Top 4 Architecture and Urbanism Blog Posts for Week of July 15, 2013

HOK kiosks. Bug tech at Cannon. HMC and the next Frog. P+W's tech lab. Twinkie returns.


New kiosks.  HOK is introducing two new kiosks as part of its re:NEWS project near San Francisco’s Union Square.

While previous reuse ideas have included a bike repair kiosk and printmaking, the new kiosks will be a pop-up museum housing a collection of puppets from around the world. This project is a partnership effort with Community Arts International, the Union Square Business Improvement District, HOK and JCDecaux.

Via HOK Life


Bug technology. Jack Mevorah of Cannon Design explores the idea of replicating a spider web, which has been unveiled by Japan-based Spiber.

The company has created a kind of synthetic spider-web material it calls Qmonos, named after the Japanese word for spider web (kumonosu). Spiber says the artificial spider thread it has produced is equal to steel in tensile strength yet is flexible as rubber.

Via Cannon Design Blog


An efficient way to build. HMC Architects and Project Frog, a component building company, have teamed up to deliver “Impact,” Project Frog’s next generation building platform specifically designed around the needs of 21st century learning.

The new building platform, called Impact, answers the call of students and teachers across the nation for healthier, inspirational buildings, while addressing the needs of administrators for speed, durability and affordability.

Via HMC Architects Blog


A tech lab. Bruce Toman and Bill Schmalz of Perkins + Will, discuss the firm’s research center dedicated to investigating new technologies that contribute to high-performance buildings, finding applications for those technologies in the firm’s designs and contributing to the knowledge base of the architectural profession.

The Perkins+Will Building Technology Laboratory uses computers to generate virtual scenarios and to test innovative ideas. “Tech Lab’s research can strongly influence the designs of our projects, resulting in buildings that are energy-efficient and technically advanced, while also providing their occupants with pleasant environments to work or live in.” -- Bruce Toman and Bill Schmalz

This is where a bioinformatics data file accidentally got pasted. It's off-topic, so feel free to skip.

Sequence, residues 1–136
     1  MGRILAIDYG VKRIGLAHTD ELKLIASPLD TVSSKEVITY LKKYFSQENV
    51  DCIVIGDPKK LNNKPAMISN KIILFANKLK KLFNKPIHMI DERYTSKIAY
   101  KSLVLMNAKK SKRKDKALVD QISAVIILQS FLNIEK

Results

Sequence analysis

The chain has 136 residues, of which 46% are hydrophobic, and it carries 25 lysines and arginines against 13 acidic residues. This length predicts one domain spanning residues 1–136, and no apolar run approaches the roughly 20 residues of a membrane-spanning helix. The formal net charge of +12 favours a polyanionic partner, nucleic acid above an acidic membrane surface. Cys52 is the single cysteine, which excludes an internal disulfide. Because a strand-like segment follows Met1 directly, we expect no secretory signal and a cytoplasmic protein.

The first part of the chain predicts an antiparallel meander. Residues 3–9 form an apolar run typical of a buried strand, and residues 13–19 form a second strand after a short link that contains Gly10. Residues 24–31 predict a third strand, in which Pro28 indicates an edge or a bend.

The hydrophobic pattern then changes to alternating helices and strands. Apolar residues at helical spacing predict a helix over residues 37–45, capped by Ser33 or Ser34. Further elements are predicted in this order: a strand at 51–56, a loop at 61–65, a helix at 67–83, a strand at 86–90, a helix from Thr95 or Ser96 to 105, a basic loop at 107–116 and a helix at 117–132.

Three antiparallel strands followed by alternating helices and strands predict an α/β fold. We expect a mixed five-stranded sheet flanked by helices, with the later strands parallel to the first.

Via Ideas + Perspectives


Innovative Social Media

Twinkies return. Twinkies make the “sweetest comeback in the history of ever” with the launch of a multi-platform campaign strategy to engage its users with media. Social media channels such as Twitter, Facebook, Instagram and Vine form the core pillars of that strategy.” The microsite, Feed Your Cakeface, has been populated with Instagram images and Vines showing the first bite of the snacks.

There is a giant Twinkie in Times Square, a cupcake in Los Angeles. And Twinkies teams are handing out buttons and a Twinkies food truck tour is planned to tour the country and give out cakes.

Via ZDNet and Feed Your Cake Face



Top Design and Urbanism Posts for March 3, 2013

HMC's world-changing innovation. BNIM teaches kids about water. A Stantec POV on urban or suburban. Catapult Design on understanding others to understand yourself. 130311